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Thursday, December 21, 2017

34 Locks, 36 miles, and a Les Mooring On My Own

"The holiest of holidays are those kept by ourselves in silence, alone and apart: the secret anniversaries of the heart. " Henry Wadsworth Longfellow, American poet, educator. linguist and world traveler, 1807-1882

     Last you heard from me, I was frozen in at Scholar Green on the Macclesfield canal. The cold loosened its grip on Britain and as the temperature rose I knew I could move on once more with the help of friends. And what friends I am fortunate to say!  Besides the four who turned up over a period of four days to help me with locks, I had emails, Instant Messages, and texts from many others offering assistance if no one else could come. Every one of them from boaters. And those who did show up?? Boaters who live in houses in the winter feeling the need for a canal fix! No matter how inclement the weather, they were happy to help and pleased to be out locking and walking along the cut. Boaters are an odd lot; while most folks aim to stay inside where its warm and dry, we are out in all weathers, cruising, locking, walking and happy to be out in Nature's abundance. I made a pot of Chicken Noodle Soup to provide a hearty nourishing lunch for my helpers.
     Thursday last, I left Scholar Green at 9 am after filling up with water and bundling my rubbish up for dumping at Red Bull Services a mile and half ahead, emptying the bilge and greasing the stern gland. While I was waiting for the tank to fill, the CRT barge came by as I was setting the lock for me, so I helped him through. Happy to chat, the bloke called me sugar as in "Sugar you take good care of yourself and take those locks easy." It always amazes me that British men can call a woman sugar, love, hen, ducks, etc. and it never sounds condescending. It is a simple term of endearment. American men could never get away with it! I said goodbye to Richard and Alison on NB Wild Rose, the lovely couple moored up near me. Alison locked me through and took my email so we could keep in touch. Boaters are such lovely people!
Alison and Richard Palmer's boat Wild Rose moored near me at Scholar Green.
Scholar Green stop lock in the setting sun. The canal is frozen!

This is what the inside of single pane boat windows look like after a bitter cold night at 10F/-12C!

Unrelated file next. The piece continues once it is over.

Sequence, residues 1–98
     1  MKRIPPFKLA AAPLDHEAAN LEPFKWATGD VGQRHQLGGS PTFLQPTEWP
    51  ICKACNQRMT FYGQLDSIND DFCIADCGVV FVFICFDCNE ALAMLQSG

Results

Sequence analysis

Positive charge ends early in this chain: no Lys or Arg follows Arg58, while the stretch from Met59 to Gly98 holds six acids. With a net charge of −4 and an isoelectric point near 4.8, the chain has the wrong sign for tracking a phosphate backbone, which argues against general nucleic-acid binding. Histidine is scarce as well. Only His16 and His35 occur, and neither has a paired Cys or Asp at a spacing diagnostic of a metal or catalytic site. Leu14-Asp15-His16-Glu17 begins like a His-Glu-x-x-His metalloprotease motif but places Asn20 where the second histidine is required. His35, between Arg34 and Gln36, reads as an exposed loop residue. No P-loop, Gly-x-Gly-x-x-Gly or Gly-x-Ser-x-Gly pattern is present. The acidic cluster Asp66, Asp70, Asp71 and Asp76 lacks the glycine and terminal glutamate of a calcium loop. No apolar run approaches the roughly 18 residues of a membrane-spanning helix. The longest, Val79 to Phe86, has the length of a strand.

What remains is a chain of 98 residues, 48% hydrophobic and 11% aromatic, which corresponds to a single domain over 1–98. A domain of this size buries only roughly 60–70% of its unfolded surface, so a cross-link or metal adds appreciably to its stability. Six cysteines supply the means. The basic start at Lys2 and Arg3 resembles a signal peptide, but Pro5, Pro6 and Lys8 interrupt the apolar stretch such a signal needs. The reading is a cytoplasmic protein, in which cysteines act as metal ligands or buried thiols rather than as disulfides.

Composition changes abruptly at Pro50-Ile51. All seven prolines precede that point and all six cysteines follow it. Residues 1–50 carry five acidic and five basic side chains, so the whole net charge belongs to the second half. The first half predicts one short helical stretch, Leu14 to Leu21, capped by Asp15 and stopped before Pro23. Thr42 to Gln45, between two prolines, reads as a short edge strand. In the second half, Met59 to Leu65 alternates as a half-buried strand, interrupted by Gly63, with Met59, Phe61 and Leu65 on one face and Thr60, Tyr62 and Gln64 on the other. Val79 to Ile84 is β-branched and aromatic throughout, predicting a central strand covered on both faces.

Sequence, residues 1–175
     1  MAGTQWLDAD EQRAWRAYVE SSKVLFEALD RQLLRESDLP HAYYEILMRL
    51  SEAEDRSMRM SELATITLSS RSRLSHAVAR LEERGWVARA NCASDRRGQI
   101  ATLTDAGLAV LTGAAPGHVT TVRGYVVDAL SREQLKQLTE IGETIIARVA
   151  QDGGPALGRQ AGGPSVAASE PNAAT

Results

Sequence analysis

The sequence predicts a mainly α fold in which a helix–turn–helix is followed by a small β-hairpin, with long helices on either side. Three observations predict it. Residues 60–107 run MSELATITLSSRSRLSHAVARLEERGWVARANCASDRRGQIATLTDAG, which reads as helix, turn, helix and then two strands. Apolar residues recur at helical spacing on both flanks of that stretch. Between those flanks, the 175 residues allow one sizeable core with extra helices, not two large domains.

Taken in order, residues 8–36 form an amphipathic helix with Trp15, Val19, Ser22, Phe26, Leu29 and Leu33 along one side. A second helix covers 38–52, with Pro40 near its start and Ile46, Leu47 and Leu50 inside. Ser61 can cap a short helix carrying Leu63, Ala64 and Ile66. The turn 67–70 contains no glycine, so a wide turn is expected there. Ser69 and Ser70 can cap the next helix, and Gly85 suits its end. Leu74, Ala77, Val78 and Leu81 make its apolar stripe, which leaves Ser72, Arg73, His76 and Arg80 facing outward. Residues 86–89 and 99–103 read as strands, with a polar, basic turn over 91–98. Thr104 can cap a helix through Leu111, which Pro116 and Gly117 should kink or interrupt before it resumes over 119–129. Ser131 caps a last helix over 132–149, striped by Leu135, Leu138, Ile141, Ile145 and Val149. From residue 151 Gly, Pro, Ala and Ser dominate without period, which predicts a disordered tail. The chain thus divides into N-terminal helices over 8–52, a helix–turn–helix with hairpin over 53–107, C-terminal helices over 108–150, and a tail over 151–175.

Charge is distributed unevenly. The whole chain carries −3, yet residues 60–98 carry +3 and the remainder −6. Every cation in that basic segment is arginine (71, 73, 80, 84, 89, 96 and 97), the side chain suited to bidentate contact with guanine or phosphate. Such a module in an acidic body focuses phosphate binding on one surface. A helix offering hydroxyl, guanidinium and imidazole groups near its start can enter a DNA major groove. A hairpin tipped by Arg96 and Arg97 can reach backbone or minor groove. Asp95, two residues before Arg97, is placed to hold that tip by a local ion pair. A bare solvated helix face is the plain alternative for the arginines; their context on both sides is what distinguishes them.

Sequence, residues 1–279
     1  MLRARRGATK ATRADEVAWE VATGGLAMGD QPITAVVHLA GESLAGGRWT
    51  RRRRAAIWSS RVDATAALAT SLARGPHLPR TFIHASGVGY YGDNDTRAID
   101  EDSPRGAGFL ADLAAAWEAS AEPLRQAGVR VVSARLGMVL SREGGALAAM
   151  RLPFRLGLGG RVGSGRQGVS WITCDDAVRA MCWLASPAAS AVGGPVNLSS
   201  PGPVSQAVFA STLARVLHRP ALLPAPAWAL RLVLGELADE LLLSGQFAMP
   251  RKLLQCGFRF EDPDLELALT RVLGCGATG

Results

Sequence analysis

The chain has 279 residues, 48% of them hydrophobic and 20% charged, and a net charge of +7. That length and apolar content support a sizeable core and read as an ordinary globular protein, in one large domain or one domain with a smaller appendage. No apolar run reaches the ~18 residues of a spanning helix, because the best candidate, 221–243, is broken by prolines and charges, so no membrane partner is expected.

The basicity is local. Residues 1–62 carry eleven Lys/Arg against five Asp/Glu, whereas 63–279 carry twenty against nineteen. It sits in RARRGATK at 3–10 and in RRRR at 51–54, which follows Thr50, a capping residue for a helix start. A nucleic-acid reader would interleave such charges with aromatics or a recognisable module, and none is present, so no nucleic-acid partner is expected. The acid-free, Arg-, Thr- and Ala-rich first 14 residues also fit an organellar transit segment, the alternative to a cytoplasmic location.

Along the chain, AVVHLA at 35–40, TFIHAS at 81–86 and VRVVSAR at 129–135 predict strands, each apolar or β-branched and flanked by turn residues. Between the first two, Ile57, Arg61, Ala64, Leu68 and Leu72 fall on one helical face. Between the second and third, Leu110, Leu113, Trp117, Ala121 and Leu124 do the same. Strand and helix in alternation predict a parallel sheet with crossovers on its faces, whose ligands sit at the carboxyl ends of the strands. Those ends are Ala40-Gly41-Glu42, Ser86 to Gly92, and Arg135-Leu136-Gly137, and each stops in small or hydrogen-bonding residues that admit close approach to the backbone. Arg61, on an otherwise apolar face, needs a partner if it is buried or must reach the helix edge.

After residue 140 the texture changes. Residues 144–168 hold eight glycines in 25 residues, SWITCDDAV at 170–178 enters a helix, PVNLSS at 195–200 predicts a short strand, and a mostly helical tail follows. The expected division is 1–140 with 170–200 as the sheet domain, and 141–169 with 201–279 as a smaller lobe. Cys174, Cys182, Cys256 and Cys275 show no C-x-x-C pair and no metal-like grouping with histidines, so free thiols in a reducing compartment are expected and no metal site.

And this is a window inside that has been covered with insulating plastic. When I covered some of the windows with plastic, I noted the temperature in the boat rose by 10 degrees! It really does make a difference.
The CRT barge breaks ice back down to Red Bull Services where they have a work shop and wharf. The CRT employee on the right is phoning in my complaint about the orange caution blockade. He was told to tell me to walk down to the next bridge behind me to access the street. Well gosh, that is the bridge that is closed due to falling bricks and it has an orange caution blockade too!
    Soon enough I cruised the one mile to the junction of the Macclesfield with the Trent & Mersey canal and turned left to moor up at the top lock on Heartbreak Hill which is comprised of 22 sets of mostly double locks dropping 300 feet over thirty miles. Friends Chris and Andy Thorp of NB Ceiriog soon came along the towpath, took windlasses and off we set!  The sun was shining and the wind bit my hands with cold as I broke ice from lock to lock. Making excellent time thanks to Chris and Andy's help we knocked out 12 locks and I was moored up in Rode Heath by 1:30 pm. We shared a lunch of homemade chicken soup and seeded rolls, and a good chinwag. Andy reckons they have traveled up and down Heartbreak hill in the triple digits which means they know this stretch of canal quite well.
Andy and Chris Thorp (NB Ceiriog) gracing me with their help and friendship.
     I was planning to do the next four locks into Hassell Green on my own the next day but the temperatures, which had warmed up the ice and melted some of the snow in yesterday's sunshine, had plunged during the night. I woke Friday morning to find NB Val literally coated in ice, like a flash frozen Salmon. The towpath was treacherous and it took until 1:30 pm for the temperature to rise high enough to begin melting the ice sufficiently that I could break it up and sweep it off the boat. I wasn't going to take chances with my well-being at slippery locks so I walked over bridge 140 and caught the bus into Sandbach for a grocery top up. Back home I spent the rest of the evening cooking Mexican food--soul food to me--and something I often turn out for family holidays like Winter Solstice. I made a dozen Green Chile burritos and a pan of Sour Cream Chicken Enchiladas. I whipped up some fresh Guacamole and Pico de Gallo as well. It is the most I've cooked since Les died, with the exception of catering his memorial service back in March.